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‘Rail is the perfect use case for assistance and autonomous technology’

Image: Flickr/Juanedc

CAF and OTIV launched a joint project in July to test advanced driver assistance features for trams. For OTIV, a Belgian provider of autonomous technology for rail, the cooperation marks the next development step towards the commercial rollout of advanced driver assistance, company founders Niels Van Damme and Sam De Smet tell

The test programme is ongoing in the Spanish city of Zaragoza, where in the coming five months the two companies will test intelligent collision avoidance technologies and advanced driver-assistance systems (ADAS) features. CAF and OTIV are carrying out their project as part of the Technologies for the Autonomous Rail Operation (TAURO) programme under the umbrella of the Europe’s Rail Joint Undertaking (ERJU). The local operator Tranvia de Zaragoza is on board as a partner.

“CAF and OTIV have the common goal of ensuring safe and efficient operation of trams. ADAS can contribute greatly in that regard”, De Smet says. “In a first phase, an ADAS system supports drivers in avoiding collisions between the tram and other participants to traffic. Additionally, this technology is one of the essential building blocks for Automatic Train Operation (ATO) in urban environments, which in turn can facilitate cost savings and efficiency gains in urban rail .”

Perception technology

The cooperation came about following a successful project OTIV completed in the Netherlands for Dutch Railways (NS) and infrastructure manager ProRail. There, OTIV focussed on assistance systems for passenger train shunting, deploying its sensor suite for image recognition and sensor fusion. As CAF is collaborating closely with NS on ATO, including regular tests on ATO over ATB, the Belgian start-up appeared on their radar.

“In mobility, there is a general trend towards ADAS and autonomous driving technologies. OEMs and operators are essentially on the lookout for parties with certain expertise in that field. Our expertise is perception technology, which is an important building block for continued development and eventual rollout of ADAS and ATO-related technologies”, adds Van Damme.

Non-controlled environments pose particular challenges

Indeed, OTIV stands out for its focus on technology for railway operations in complex environments. Its perception systems and underlying algorithms are geared towards complex environments, such as trains on large industrial complexes and trams in urban centres. These non-controlled environments pose particular challenges for perception systems, as the operating environments of these railway vehicles are shared with cars, pedestrians, trucks and other traffic.

“The technology has to be able to recognise all potential danger, which requires state-of-the-art machine learning algorithms to create a reliable image of the environment. We also have to consider which sensors (incl. lidar, camera and radar) are most suited for this type of project, and where to install those,” says De Smet.
The project in the urban setting of Zaragoza is also different from the company’s earlier projects in that this new environment opens up the road to additional validation steps of the technology. “This time around, the project is less experimental; the tram is running in regular operations , collecting real-life data. This allows the system to learn from every mile driven”.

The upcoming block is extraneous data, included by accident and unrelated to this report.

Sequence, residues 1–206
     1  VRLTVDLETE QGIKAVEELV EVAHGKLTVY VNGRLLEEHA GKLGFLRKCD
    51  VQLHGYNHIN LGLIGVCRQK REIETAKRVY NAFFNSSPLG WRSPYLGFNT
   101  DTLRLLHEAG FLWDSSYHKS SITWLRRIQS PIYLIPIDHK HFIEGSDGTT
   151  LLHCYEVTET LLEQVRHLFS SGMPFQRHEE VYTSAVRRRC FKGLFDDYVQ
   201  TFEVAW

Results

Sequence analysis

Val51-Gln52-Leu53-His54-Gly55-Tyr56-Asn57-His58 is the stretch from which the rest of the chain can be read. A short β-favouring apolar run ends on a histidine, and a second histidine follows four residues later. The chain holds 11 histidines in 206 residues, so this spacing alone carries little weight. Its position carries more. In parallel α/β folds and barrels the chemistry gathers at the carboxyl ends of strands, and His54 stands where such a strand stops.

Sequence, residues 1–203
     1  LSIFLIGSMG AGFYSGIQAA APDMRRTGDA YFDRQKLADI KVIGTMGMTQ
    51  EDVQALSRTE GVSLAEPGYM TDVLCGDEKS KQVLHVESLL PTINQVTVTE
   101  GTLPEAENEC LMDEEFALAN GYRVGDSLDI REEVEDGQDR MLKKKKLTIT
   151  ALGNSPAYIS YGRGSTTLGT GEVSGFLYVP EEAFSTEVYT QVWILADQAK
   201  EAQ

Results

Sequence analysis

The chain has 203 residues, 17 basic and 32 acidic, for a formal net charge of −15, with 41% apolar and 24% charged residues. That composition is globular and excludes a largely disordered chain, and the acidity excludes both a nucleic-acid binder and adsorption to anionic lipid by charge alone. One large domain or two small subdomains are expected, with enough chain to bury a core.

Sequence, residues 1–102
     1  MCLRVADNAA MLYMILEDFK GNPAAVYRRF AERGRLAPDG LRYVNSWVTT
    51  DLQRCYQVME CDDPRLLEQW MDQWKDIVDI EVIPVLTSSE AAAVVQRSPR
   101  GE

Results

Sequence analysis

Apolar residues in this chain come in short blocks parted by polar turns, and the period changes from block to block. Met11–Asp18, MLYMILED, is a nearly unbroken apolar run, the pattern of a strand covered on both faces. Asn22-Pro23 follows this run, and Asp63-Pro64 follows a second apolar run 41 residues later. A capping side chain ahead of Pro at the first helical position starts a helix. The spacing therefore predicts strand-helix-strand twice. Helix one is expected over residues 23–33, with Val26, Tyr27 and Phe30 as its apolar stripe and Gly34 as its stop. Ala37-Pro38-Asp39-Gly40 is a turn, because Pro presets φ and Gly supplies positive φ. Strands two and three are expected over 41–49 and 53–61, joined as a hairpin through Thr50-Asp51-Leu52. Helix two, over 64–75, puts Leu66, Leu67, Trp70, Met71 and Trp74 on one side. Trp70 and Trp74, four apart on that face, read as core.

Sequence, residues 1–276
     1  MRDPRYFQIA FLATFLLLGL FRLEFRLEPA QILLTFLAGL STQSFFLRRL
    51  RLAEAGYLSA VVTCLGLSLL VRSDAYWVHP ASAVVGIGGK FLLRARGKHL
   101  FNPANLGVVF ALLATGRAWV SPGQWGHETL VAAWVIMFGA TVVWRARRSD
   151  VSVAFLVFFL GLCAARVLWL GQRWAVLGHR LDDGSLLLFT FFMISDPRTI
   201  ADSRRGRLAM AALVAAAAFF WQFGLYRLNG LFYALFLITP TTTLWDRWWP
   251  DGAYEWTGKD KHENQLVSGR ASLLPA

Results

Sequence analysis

Railway vehicles uniquely suited for ADAS and ATO technologies

As any car manufacturer will tell you, getting ADAS to function smoothly and perform predictably, is no small feat. In automotive, the deployment at scale of self-driving technology still has a long way to go, especially in an urban setting. But that is exactly why railway vehicles are so suited for ADAS and ATO technologies, De Smet notes.

“Rail is the perfect use case for assistance and autonomous technology. These vehicles run on tracks, greatly reducing the degree of freedom compared to cars or trucks. In the case of trams, the vehicle can do only two things: stop or move forward. Moreover, at OTIV we’re convinced that these technologies are essential elements in our efforts to increase the modal share of rail. Building the mobility system of the future requires a backbone: a transport mode capable of transporting high volumes (of both people and goods), in a fast, cost-efficient and sustainable manner. Rail is the perfect candidate for this task, on all levels: from an international network of freight rail to the local urban tram network. Thanks to assisted and autonomous solutions, rail will be able to take this role and guarantee cost efficiency, flexibility and safe operations”

Author: Nick Augusteijn

Chief Editor,

1 comment op “‘Rail is the perfect use case for assistance and autonomous technology’”

bönström bönström|22.08.22|17:47

True and equally, obvious it should be, that half of LCC…, incl. current frequent, grinding, etc., etc., not at all is automatic, neither “predictable”. (Just recording of damages, those anticipated, is automatic.)
Even worse, disturbings related old standards, plaguing as well clients, as Industry, is obstructing the requested shift to a safer, a timely, new, and autonomous technology.
(For making mere Industry autonomous…, first basics, Shift to a New Old Railway, a robust, a resilient!)

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